While this is clearly a problem – levels of confidence are at their lowest since the index began in 2009 – there’s plenty that the media, brands and society can do to tackle reported low-confidence in young people. What’s more, the picture may not be as bleak as it seems. We’ve gathered together some of our recent global insights to explore a different side to the confidence issue and provide starters on how brands might help solve this challenge.
Permission To Fail
With self-comparison constantly available at their fingertips, it’s no surprise that teens often feel pressure to succeed. Most we speak to are worried about not achieving their full potential or living their ‘best life’. Yet, young people also tell us that they don’t see failure as the end of the road. In fact, most teens think it’s better to try and make mistakes than not to try at all. 67 percent consider themselves to be entrepreneurial and 82 percent describe themselves as adaptable and flexible (Viacom 2017, My Teen Life). Is there a way of tapping into this spirit by promoting alternative, bumpy-road success stories? Or highlighting failures and the small steps that allow for adjustments along life’s journey?
Last year saw us travel around the world talking to young men about attraction, relationships, and everything in between, on behalf of Lynx/Axe. Obviously, confidence has a huge role to play in the tricky game of teenage love. The majority we spoke to felt that confidence was gained by assembling their own mosaic of attractive features. For them, everyone has their own unique ‘offer’ to discover, which develops alongside their sense of identity. There is definitely an opportunity to help teens figure this all out. Not only by helping them develop skills and their own sense of self, but assuring them that being different is okay by celebrating diversity and the widening mosaic of modern masculinity.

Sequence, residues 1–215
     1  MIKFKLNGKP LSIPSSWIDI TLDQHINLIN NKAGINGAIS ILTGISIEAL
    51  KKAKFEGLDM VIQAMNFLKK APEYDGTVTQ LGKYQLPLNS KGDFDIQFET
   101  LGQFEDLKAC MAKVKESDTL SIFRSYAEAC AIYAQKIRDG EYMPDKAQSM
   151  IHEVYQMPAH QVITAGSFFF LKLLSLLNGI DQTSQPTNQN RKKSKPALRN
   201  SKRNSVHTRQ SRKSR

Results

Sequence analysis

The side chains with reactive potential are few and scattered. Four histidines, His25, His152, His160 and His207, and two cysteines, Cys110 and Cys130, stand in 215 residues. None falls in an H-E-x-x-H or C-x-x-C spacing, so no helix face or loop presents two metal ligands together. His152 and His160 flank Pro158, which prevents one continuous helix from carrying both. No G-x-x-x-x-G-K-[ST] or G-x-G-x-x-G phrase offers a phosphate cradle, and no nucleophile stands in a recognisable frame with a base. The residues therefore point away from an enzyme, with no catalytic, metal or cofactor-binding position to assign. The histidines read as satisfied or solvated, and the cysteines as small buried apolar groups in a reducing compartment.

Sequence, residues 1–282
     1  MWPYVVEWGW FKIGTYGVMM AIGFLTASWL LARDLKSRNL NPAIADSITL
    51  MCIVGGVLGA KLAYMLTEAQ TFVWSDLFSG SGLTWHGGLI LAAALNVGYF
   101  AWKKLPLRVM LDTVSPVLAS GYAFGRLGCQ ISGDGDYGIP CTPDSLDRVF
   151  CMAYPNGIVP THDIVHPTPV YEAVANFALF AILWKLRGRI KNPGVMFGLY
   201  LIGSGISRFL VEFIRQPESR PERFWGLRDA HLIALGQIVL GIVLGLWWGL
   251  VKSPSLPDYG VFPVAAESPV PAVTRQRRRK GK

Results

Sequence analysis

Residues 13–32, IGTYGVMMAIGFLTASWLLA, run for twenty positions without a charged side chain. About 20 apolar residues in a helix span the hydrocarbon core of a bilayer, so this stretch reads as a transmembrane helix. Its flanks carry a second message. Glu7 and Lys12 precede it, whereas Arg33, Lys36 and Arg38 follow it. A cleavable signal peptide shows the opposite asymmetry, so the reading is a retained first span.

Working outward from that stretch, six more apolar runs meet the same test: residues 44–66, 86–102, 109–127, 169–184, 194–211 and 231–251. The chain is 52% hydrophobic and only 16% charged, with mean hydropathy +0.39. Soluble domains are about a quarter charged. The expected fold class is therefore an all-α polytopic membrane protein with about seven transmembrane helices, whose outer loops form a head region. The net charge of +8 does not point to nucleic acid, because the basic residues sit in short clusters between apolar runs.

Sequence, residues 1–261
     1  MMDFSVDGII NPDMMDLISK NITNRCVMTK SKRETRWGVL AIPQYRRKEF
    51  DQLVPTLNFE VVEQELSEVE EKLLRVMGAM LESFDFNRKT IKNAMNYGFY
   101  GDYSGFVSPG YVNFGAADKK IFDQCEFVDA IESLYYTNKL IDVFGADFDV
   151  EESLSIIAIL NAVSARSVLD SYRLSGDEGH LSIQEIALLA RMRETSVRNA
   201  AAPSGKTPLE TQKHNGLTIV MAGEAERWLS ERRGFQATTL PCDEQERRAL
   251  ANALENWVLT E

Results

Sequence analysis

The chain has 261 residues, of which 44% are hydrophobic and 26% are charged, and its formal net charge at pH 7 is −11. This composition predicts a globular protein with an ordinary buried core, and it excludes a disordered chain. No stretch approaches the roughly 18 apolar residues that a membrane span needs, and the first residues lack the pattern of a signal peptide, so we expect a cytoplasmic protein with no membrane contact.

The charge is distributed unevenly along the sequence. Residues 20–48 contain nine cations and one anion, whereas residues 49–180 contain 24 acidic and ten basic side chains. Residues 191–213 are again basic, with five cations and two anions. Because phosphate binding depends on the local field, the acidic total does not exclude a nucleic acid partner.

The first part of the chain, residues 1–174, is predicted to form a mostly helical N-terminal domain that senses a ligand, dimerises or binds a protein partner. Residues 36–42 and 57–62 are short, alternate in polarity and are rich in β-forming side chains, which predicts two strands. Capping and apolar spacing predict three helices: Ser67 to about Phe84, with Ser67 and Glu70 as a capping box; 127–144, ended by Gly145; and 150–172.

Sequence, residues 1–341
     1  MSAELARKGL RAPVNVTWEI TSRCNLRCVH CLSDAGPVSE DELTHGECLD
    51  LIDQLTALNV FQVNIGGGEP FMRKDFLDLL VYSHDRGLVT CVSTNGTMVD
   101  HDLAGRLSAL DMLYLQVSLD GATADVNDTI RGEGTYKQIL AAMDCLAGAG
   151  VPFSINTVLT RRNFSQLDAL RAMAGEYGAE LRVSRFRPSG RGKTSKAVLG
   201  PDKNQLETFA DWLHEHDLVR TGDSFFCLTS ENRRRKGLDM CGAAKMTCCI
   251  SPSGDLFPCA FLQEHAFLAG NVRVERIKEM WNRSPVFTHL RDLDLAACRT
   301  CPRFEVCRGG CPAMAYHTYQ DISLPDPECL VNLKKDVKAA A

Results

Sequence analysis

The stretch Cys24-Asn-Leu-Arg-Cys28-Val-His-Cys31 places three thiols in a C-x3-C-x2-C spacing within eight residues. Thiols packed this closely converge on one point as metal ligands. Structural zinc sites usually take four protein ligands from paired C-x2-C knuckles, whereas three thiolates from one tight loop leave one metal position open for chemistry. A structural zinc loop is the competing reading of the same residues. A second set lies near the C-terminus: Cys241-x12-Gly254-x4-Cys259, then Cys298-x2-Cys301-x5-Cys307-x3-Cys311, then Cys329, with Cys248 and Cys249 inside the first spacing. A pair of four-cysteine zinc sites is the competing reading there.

The vast majority of teens we speak to think that everyone should have the right to stand up for their beliefs. They think that everyone has a story, everyone has a right to tell their story, and that everyone can learn from others’ stories. Young people are adept at seeing the world through different eyes and speaking out about what’s important to them. There is clearly an empowerment opportunity here to help more young people feel able to voice their beliefs; the key being to reassure them that there’s space and appetite for a whole range of stories to be valued, heard and shared.
The relationship between young people and confidence is definitely something to keep an eye on. But, by digging into the attitudes of teens around the world, the media can play a clear role in youth empowerment, promoting alternative success stories, and showing that being different is not just celebrated – it’s often the key to unlocking confidence.
Crowd DNA’s Joey Zeelen looks at the sobering-up of Gen Z through his own experience of teen drinking...
Growing up in Holland in the noughties, my use of alcohol – or drugs, we’re talking Holland here – wasn’t any different to others my age. I started drinking at 15 and, like most millennials, alcohol was a big part of life. It formed my identity; it was the centre of socialising and the entirety of my teenage fun.
Saying that, it’s sometimes surprising to read about the sobering-up of Gen Z. Most explanations (health consciousness, well-being) fall flat when I think of the importance of alcohol during my own teen years. To understand this shift, I sought out some explanations on an internal level. When looking at my own drivers for teen drinking, Gen Z’s rejection of alcohol starts to make a lot more sense…